Nav: Home

Passive radiative cooling in delignified wood material

May 23, 2019

A newly engineered, wood-based material successfully reflects heat, or infrared radiation, and could cut the energy costs associated with cooling buildings by up to 50%, according to a modeling analysis of its application in 16 U.S. cities. The brilliant white "cooling wood," which is more than eight times stronger than natural wood, is both highly reflective and capable of passive radiative cooling - two highly-sought after properties in next-generation, energy-efficient structural materials. Buildings account for more than 40% of the nation's total energy demand - nearly half of which is used for heating and cooling, often through energy-inefficient means. Cooling indoor environments is particularly challenging and energy-intensive, which has made passive radiative cooling an attractive alternative for improving the energy efficiencies of buildings. Passive radiative cooling materials can cool a structure by deflecting incoming solar radiation and dissipating heat energy with no energy consumption. While several methods for achieving passive radiative cooling in buildings have been demonstrated experimentally, the ability to manufacture and implement the systems at the size and scale necessary for widespread adoption remains unfeasible. By compressing wood that has been stripped of its lignin (polymers that help make plant cells rigid), Tian Li and colleagues enhance the qualities of the already widely used, sustainable construction material and imbue it with impressive mechanical and radiative cooling properties. According to Li et al., the complete delignification and densification process not only makes the wood significantly stronger, but also results in partially aligned cellulose nanofibers, which gives the cooling wood its highly solar reflective surface, and high infrared emissivity. Testing of the cooling wood's radiative flux demonstrated continuous sub-ambient cooling during day and night. What's more, a cooling cost evaluation across 16 U.S. cities finds savings between 20% and 50%.
-end-


American Association for the Advancement of Science

Related Energy Articles:

Wave energy researchers dive deep to advance clean energy source
One of the biggest untapped clean energy sources on the planet -- wave energy -- could one day power millions of homes across the US.
A new energy source within the cells
Scientists at the Centre for Genomic Regulation in Barcelona, Spain, find evidence of a new energy source within cell nucleus.
MIT Energy Initiative welcomes Exelon as member for clean energy research
MIT Energy Initiative announces that national energy provider Exelon joins MITEI as a member to focus research support through MITEI's Low-Carbon Energy Centers.
Clean energy from water
Fuel cells generate electrical energy through a chemical reaction of hydrogen and oxygen.
Determinant factors for energy consumption and perception of energy conservation clarified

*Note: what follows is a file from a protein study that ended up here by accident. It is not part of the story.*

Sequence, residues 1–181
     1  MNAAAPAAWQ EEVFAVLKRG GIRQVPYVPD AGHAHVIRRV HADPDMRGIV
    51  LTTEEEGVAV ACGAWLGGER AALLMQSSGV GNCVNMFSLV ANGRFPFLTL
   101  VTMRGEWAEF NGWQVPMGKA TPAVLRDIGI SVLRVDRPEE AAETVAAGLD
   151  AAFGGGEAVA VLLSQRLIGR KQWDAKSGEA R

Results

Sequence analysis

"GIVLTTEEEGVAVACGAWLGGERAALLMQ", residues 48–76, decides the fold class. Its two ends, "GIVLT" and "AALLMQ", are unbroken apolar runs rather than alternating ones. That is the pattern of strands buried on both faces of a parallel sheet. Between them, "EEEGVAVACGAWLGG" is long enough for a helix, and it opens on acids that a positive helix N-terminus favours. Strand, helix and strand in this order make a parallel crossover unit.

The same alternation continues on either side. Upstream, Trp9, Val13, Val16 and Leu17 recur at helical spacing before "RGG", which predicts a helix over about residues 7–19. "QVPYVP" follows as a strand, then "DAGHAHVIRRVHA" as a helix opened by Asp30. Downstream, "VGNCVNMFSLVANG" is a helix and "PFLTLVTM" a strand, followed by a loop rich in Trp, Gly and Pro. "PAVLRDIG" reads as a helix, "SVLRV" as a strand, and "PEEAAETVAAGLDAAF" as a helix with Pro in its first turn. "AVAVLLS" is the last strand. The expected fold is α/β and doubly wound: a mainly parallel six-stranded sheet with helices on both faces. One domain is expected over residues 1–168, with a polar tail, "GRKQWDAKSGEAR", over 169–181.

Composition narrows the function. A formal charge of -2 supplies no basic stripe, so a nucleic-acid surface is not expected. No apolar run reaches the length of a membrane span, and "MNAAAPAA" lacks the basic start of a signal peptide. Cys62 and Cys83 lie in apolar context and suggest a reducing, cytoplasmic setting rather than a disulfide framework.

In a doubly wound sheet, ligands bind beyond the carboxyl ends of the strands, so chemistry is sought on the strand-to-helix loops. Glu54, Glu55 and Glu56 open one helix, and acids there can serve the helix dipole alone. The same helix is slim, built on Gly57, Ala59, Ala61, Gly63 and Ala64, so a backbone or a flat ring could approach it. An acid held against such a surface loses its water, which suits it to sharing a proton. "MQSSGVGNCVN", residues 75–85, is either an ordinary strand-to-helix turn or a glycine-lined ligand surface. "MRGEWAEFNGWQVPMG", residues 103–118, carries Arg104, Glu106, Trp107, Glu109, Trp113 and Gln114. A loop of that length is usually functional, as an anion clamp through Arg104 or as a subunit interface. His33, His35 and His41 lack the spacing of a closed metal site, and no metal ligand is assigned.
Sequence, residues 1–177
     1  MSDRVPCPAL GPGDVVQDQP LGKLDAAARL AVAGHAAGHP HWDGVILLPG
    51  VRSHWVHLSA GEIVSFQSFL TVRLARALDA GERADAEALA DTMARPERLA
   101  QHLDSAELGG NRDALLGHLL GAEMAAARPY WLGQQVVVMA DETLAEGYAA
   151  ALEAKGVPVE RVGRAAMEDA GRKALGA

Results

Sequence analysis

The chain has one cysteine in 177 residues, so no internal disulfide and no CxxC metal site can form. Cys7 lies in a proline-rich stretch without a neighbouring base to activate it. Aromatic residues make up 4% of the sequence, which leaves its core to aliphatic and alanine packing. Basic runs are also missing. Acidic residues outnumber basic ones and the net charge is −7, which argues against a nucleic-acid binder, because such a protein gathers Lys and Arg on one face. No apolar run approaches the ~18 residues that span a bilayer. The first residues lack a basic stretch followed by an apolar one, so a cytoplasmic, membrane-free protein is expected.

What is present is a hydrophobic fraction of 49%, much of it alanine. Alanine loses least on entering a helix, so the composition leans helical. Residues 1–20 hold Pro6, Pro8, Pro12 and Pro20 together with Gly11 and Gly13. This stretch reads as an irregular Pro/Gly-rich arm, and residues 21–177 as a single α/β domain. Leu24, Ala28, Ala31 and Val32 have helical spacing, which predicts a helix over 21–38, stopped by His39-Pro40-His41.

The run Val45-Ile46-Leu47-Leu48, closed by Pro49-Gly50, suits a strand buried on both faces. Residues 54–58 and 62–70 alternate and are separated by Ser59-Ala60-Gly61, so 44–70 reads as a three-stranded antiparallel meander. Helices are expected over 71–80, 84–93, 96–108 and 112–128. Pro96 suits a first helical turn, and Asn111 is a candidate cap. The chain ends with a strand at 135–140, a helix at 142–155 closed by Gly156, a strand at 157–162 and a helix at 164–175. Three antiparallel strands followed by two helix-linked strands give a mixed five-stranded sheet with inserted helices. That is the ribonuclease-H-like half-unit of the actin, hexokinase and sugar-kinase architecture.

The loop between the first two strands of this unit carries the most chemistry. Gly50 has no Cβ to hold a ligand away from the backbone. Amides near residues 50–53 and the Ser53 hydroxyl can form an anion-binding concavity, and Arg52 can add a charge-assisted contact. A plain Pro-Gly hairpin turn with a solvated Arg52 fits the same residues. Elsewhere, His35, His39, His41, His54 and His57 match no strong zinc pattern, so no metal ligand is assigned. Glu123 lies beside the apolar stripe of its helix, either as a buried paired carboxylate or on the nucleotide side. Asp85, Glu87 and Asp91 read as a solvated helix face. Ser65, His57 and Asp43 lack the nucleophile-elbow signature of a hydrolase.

Change in lifestyle is a key component to realizing a low-carbon society.
Lactate for brain energy
Nerve cells cover their high energy demand with glucose and lactate.
Evidence shows low energy sweeteners help reduce energy intake and body weight
Use of low energy sweeteners (LES) in place of sugar, in children and adults, leads to reduced calorie intake and body weight - and possibly also when comparing LES beverages to water -- according to a review led by researchers at the University of Bristol published in the International Journal of Obesity today.
ASU professor honored for work on energy and social aspects of energy policy
Martin 'Mike' Pasqualetti, an Arizona State University professor and an expert on energy and social components of energy development, will be awarded 2015 Alexander and Ilse Melamid Memorial Medal by the American Geographical Society.
Stanford's Global Climate and Energy Project awards $9.3 million for energy research
GCEP has awarded scientists at Stanford and four other universities funding to develop a suite of promising energy technologies.
Energy efficiency upgrades ease strain of high energy bills in low-income families
Low-income families bear the brunt of high-energy costs and poor thermal comfort from poorly maintained apartment buildings.

Related Energy Reading:

Best Science Podcasts 2019

We have hand picked the best science podcasts for 2019. Sit back and enjoy new science podcasts updated daily from your favorite science news services and scientists.
Now Playing: TED Radio Hour

Moving Forward
When the life you've built slips out of your grasp, you're often told it's best to move on. But is that true? Instead of forgetting the past, TED speakers describe how we can move forward with it. Guests include writers Nora McInerny and Suleika Jaouad, and human rights advocate Lindy Lou Isonhood.
Now Playing: Science for the People

#527 Honey I CRISPR'd the Kids
This week we're coming to you from Awesome Con in Washington, D.C. There, host Bethany Brookshire led a panel of three amazing guests to talk about the promise and perils of CRISPR, and what happens now that CRISPR babies have (maybe?) been born. Featuring science writer Tina Saey, molecular biologist Anne Simon, and bioethicist Alan Regenberg. A Nobel Prize winner argues banning CRISPR babies won’t work Geneticists push for a 5-year global ban on gene-edited babies A CRISPR spin-off causes unintended typos in DNA News of the first gene-edited babies ignited a firestorm The researcher who created CRISPR twins defends...